Putting Panic in My Heart

Recently I heard about a movie on Netflix called "Asperger's are Us". Though there is no longer an official diagnosis for Asperger's according to our developmental pediatrician, she let me know that Seraphina is considered "high functioning" autistic which was once also known to be Asperger's. I thought this movie would allow me to see where my daughter was headed and how her life could be "normal".

As I tuned in, kids set up with dad watching their own movie I began to feel it. I had a burning sensation in my stomach and it wasn't heartburn. As I listened to the grown men talk, I heard the "autism accent" which so many have said that Serrie has and I wanted to cry. I felt my hands twisting around each other and soon I couldn't stop the feelings I had welling within myself.

I have many friends who are amazing and have chosen to adopt children with special needs and I always said when we were pregnant we were "praying for healthy but hoping if it wasn't healthy we would have the strength to do the best for our family". In truth, I said that to be politically correct. We never had any genetic testing and I tried to pretend that I knew God's will was what was best for my family. As I watched though I wondered.

Just a few days before, I lay in my guest bed next to my mom explaining how God messed up. She reminded me that He gives us nothing we can't handle and I looked her square in the eye and said "he picked the wrong girl".

Living this life with autism isn't something we chose. We did not choose to get into this with open arms and to be honest, sometimes I want to stand arms crossed, pouting and stomping my feet. My daughter is developmentally disabled. This means her life isn't the life I dreamed for her. I have had to mourn the child I imagined. I have had to weep over the missed friendships, the lost proms and perhaps even the non-existent weddings. I have also had to mourn for my other children, for what they have had to face. Their sibling running on fields or courts to "play" sports with them. I have had to watch as the invitations to do things as a family have dwindled and now become almost non-existent. I even thanked a family profusely this summer for including Serrie in their Labor Day plans because it meant they wanted our family, our whole family for who we were and it was okay.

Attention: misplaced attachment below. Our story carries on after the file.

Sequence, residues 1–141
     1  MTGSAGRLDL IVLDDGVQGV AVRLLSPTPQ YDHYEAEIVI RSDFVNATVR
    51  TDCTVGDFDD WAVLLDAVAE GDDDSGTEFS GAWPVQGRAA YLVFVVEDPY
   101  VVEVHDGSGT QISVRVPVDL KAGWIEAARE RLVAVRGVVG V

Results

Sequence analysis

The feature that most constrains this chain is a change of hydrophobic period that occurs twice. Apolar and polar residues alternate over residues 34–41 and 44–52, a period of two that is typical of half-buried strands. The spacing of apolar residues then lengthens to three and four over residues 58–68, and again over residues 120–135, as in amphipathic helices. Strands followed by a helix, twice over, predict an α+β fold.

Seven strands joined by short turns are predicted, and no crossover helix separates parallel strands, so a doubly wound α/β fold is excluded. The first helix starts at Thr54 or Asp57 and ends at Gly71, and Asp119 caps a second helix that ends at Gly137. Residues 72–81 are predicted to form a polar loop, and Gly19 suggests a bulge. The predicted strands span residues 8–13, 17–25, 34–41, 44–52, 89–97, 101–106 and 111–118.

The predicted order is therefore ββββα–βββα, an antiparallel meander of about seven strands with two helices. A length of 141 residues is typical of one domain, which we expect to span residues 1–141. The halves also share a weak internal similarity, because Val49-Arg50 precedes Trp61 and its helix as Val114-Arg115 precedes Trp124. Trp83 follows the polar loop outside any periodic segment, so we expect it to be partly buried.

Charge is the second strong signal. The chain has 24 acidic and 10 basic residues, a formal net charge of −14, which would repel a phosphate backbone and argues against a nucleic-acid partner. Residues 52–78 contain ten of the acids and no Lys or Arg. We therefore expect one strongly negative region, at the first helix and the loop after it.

I think I envisioned my reading, understanding and willingness to work would in fact take much of these difficult moments away but in fact, it hasn't. It didn't take away Christmas Eve when I missed the pageant that my oldest three were in because Serrie couldn't make it. It didn't take away the inability to sleep after a late afternoon nap and it won't take away the challenges we face moving forward. Education IS power but it isn't a magic tool that will erase the disability my daughter faces.

That being said, today I am in a bit of a panic. I thought this movie would bring peace but instead it brought fear and more questions and in a way that is okay. It allows me to understand that this journey isn't just a short race, its a marathon that is leading us to be better people.

I am grateful for the men who did the documentary and put themselves out there, how I wish I could talk to them so I could understand how to be a better mother for Seraphina and give her what she needs to grow and be the best person she can be. I wish I could understand so I could be a better advocate for Serrie, others like her and also for my other children struggling to understand and know exactly how this disability will affect their lives.

Today I am panicked. I know it won't last forever. I know I can choose to allow it to weigh me down or I can choose to use it for good so today I will allow it to put fire under me and use it for good because that little blessing who lays beside me eyes wide open unable to sleep is someone who may be challenging me, she may be teaching me and she may be begging me to be a better person than I was before she entered my life.


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